With the Fed technically bankrupt and the $3trn+ stimulus not sorting the desired economic growth the US dollar’s purchasing power continues to be undermined (see table here above). Hence why the People's Bank of China is serious about phasing out the failing dollar as the reference currency or peg for the Yuan, and to start using gold as the benchmark. As mentioned Beijing's possible move to back the Yuan with gold would be a strategic move in order to, lessen the risk of inflation, increase the Yuan’s attractiveness as an investment medium and create faith in the Yuan as a reserve currency. The change in value of the forex reserves, i.e. a lower US dollar, clearly could also have an impact on the country’s currency especially when most of $3.5trn reserves are held in US dollars. The gold accumulation therefor also is a necessity for China in order to hedge its vast US dollar holdings against loss in value and prevent a Yuan devaluation.

Nonetheless it is paramount to keep a close eye on the CGA and Hong Kong gold import/export figures in order to determine the gold demand from China.

Last but not least it looks like the de-monetizing of gold by the central banks of the developed countries is not working hence the quick and strong rebound from the sell-off, which happened from April till the end of June of this year. The paper or future gold market was put in its place by the physical gold market. There was clearly a “mismatch” in pricing hence why physical demand took off; gold was far “too cheap”.

Again recapping there are a lot of arguments favoring the physical precious metals. Where will investors invest their money when treasuries are being sold and the economies are not showing any serious traction? And then I am even not talking about geopolitical problems that are clearly on the rise. For how much longer will we be able to control the Middle East before something goes seriously wrong?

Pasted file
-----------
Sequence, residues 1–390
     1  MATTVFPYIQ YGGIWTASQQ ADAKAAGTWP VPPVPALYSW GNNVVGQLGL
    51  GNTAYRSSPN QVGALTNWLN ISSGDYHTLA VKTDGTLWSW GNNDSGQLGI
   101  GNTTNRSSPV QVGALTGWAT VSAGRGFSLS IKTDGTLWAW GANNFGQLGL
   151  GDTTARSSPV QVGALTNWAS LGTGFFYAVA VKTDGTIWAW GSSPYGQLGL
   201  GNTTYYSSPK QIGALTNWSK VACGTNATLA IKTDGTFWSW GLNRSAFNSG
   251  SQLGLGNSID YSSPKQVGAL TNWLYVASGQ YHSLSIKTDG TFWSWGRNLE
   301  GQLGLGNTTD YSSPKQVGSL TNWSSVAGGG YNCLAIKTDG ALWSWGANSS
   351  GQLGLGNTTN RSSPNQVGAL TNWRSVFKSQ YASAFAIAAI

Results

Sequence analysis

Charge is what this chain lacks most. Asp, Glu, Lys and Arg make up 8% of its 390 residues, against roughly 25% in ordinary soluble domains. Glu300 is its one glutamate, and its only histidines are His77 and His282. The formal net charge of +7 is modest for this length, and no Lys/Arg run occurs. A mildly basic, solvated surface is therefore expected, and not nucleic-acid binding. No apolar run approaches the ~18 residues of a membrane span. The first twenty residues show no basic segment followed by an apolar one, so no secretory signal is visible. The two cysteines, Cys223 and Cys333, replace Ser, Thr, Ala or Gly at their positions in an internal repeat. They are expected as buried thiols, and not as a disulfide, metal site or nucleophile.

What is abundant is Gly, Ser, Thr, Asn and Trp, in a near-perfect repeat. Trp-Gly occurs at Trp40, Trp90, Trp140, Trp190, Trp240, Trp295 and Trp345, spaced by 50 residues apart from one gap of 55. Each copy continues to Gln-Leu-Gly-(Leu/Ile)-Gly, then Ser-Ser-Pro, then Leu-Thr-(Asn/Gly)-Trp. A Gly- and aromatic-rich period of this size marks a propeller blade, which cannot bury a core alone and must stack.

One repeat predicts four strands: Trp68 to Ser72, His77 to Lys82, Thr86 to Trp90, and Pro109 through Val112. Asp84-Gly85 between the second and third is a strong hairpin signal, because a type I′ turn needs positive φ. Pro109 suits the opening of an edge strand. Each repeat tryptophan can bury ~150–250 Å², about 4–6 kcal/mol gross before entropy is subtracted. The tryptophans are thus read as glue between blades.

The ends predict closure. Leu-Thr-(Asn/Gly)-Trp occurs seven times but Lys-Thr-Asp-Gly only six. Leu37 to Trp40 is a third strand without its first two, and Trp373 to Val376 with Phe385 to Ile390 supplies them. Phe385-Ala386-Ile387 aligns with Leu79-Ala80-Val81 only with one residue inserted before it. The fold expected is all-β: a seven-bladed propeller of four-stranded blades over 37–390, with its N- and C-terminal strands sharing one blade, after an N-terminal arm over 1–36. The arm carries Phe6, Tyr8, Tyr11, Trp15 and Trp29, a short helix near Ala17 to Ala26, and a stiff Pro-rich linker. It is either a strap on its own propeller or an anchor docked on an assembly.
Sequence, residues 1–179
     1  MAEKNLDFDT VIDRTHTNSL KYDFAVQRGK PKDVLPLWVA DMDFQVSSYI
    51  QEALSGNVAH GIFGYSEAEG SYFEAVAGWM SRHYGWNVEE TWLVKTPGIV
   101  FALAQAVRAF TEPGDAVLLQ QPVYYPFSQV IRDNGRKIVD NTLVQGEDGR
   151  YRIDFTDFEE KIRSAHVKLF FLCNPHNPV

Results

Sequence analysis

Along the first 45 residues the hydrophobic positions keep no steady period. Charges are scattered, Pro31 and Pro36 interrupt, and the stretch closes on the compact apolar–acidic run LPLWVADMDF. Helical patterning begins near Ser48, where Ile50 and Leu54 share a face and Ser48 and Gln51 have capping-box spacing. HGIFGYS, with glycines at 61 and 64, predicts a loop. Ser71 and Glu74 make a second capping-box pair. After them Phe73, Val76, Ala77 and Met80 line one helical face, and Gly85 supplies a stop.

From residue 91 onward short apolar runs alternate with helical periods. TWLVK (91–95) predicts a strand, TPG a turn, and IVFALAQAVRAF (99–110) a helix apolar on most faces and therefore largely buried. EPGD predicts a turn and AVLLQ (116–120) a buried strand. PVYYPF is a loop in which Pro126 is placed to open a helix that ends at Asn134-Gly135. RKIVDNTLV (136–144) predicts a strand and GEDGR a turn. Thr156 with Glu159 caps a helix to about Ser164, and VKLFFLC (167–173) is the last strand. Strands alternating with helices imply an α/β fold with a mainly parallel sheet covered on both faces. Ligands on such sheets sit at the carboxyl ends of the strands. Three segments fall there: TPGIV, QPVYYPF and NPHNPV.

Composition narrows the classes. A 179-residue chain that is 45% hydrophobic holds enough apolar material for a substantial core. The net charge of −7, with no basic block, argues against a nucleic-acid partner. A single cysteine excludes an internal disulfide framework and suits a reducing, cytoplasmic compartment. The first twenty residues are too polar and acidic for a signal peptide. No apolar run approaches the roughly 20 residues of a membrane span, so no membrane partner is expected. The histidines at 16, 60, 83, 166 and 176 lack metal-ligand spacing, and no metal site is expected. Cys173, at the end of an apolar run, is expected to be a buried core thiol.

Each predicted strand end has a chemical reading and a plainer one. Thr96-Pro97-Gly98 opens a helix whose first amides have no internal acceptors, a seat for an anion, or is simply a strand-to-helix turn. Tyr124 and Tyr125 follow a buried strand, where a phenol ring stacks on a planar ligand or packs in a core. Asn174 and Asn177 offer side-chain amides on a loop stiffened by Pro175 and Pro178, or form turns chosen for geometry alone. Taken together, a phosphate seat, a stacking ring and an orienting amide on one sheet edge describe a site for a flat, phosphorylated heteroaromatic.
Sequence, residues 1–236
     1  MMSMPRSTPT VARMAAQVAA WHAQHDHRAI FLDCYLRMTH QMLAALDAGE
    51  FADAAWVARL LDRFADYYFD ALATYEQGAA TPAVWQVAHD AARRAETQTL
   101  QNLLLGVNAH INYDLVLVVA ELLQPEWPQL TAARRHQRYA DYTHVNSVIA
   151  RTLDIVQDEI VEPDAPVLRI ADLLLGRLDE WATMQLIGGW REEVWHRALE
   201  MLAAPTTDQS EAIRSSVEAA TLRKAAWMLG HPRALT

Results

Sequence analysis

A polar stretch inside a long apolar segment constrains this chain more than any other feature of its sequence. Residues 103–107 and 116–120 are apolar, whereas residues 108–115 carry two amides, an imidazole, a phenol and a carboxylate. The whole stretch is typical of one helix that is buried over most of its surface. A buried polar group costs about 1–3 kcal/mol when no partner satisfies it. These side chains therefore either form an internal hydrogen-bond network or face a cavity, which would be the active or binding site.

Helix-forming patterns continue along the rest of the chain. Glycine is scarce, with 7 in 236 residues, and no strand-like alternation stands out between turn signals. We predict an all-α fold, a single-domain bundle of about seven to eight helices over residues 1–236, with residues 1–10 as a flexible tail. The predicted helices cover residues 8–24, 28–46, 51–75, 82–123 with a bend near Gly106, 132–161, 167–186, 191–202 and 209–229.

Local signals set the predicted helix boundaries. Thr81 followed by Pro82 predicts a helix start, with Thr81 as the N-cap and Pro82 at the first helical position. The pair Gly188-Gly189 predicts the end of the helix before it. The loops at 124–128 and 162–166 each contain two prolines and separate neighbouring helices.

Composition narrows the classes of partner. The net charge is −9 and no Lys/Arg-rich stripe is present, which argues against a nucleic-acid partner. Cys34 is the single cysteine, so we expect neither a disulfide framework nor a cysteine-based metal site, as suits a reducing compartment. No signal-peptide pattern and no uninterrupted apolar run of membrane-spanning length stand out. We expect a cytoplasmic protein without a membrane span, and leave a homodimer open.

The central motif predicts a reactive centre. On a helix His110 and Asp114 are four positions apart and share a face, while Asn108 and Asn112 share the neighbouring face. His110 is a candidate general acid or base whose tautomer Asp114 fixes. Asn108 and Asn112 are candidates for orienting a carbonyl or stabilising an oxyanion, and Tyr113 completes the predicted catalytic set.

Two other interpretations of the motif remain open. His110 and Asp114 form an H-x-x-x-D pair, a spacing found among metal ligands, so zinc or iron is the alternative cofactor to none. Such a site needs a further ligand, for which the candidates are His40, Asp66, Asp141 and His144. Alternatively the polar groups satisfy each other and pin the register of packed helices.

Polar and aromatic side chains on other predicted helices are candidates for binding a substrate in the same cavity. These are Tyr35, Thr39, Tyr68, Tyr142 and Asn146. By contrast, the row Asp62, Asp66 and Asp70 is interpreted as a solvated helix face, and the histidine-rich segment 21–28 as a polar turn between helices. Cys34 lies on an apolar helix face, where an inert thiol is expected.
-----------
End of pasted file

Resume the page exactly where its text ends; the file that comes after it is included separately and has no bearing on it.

As mentioned many times consider what will happen to your gold if governments will confiscate gold in order to back up a gold standard because they are forced to by China. You have won the battle but you lost the war. You want to consider silver because it is the proxy to gold (the historic gold/silver ratio during many centuries has been 12.5:1 whilst the average gold/silver price ratio during the 20th century was 47:1, at present it is 59:1), cheap and central banks barely have any silver in their central bank vaults. If the ratio were to return to the pre-1900 average of 16.13x the silver price would have to rise from approx. $24 to about $87/oz ($1,396:16.13).

According to Jefferson Lab, silver is almost 19 times more abundant than gold within the Earth's crust. While this doesn't necessarily mean the deposits are economically recoverable using modern technology though ultimately this is the most realistic yardstick.

A more relevant measure of physical availability is reserves and production. According to the US Geological Survey 'reserves' are defined as only economically recoverable materials. According to US Geological Survey's Mineral Commodity Summaries (January 2012), 2011 reserves and production for silver was respectively 10x and 9x more abundant than gold. To adjust to the 2011 reserves ratio between silver and gold, the silver price must rise to about $139/oz. To adjust to the 2011 production ratio, the silver price must rise to about $155/oz.

In addition it should be emphasized that aboveground silver inventories are constantly depleted because it is consumed for industrial purposes. In contrast, most gold that has ever been mined exists in a vault somewhere. Anyway I just want to emphasize be aware of  “The silver lining”!

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September 1, 2013 © Gijsbert Groenewegen


g.groenewegen@goldarrowpartners.com

www.groenewegenreport.com

Gold is found in nature in quartz veins